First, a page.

What you are seeing is probably your server's ability to keep up with your
benchmark with some comfort. I assume your benchmark isn't completing in a
couple of seconds but would presume that you are not IO bound and all
changes are happening in memory. Its hard to give you 'the' answer as you
haven't provided enough info to work with but in my estimations you aren't
working your machine hard enough. How true to your application is your
benchmark? If you are not expecting an append only workload then you might
be wasting your time merely adding records to a table whcich is what your
benchmark sounds like its doing.
On Sep 6, 2011 3:27 AM, "Chuntao HONG" <chuntao.hong@stripped> wrote:
> I wrote a micro benchmark to test the performance of my MySQL server.
> In the benchmark, which is written in C#, I created several threads,
> each with a connection to the MySQL server, to insert rows into the
> same table. Totally 3200 rows are inserted into the table.
> When I try to vary the number of C# threads I found that the time
> taken to finish the benchmark decreases, thus increasing the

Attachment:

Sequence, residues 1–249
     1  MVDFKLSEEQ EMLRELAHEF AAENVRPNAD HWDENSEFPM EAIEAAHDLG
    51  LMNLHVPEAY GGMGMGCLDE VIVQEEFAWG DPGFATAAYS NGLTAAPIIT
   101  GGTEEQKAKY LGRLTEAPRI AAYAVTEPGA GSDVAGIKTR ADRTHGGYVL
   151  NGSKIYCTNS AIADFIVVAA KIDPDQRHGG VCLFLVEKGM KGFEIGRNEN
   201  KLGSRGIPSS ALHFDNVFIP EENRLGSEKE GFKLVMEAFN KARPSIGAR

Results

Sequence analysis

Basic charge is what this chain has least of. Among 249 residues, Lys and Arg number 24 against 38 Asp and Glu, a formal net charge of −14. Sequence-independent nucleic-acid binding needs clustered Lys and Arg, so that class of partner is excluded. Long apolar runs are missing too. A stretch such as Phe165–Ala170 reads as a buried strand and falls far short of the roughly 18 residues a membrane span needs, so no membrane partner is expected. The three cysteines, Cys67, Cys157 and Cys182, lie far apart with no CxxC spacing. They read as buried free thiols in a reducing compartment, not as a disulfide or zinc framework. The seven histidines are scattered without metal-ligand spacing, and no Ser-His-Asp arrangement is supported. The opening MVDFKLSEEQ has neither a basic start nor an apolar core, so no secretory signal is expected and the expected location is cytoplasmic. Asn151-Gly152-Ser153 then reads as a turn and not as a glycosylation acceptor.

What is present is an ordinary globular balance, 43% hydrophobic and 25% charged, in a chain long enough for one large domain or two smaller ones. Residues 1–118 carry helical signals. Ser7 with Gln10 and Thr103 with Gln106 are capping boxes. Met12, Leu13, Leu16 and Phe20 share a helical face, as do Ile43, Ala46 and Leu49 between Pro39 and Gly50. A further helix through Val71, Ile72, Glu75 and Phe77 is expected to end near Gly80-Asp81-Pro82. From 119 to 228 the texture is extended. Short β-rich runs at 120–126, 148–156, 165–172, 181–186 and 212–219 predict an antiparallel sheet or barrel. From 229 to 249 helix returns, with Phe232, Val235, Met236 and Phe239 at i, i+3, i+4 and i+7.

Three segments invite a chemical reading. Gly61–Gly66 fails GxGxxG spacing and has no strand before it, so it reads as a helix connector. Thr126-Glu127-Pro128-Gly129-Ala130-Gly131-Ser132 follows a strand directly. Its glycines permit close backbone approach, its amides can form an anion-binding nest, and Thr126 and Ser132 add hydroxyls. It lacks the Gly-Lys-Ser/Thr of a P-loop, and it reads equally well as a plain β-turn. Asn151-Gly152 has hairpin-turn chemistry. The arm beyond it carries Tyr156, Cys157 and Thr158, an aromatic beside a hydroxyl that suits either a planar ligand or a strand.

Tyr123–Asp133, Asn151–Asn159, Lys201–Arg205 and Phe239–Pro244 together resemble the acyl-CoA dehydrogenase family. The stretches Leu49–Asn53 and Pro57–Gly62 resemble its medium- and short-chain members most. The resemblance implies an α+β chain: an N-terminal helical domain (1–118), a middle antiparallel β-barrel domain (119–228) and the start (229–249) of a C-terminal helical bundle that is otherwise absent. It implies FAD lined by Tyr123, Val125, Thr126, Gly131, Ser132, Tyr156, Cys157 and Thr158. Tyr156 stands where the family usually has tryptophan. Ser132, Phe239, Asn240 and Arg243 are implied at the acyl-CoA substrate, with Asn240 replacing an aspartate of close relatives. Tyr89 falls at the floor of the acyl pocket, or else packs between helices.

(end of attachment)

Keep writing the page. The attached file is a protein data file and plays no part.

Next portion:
> throughput. The throughput increases almost linearly with the number
> of C# threads, until I reach 100 threads, which is the maximum number
> of connections allowed by my server.
> This is quite unexpected, since the server has only two processors. I
> expect the throughput to grow from one connection to two connections.
> But I don't expect it to grow with more than two connections. Why is
> it the case?
> My Server has one Intel Xeon X3360 CPU with two cores running at
> 2.83GHz and 8GB of main memory. It runs Windows Server 2008 R2. The
> MySQL version is 5.5.15 x64 Edition.
> HONG Chuntao
> MySQL General Mailing List
> For list archives: http://lists.mysql.com/mysql
> To unsubscribe: http://lists.mysql.com/mysql?unsub=1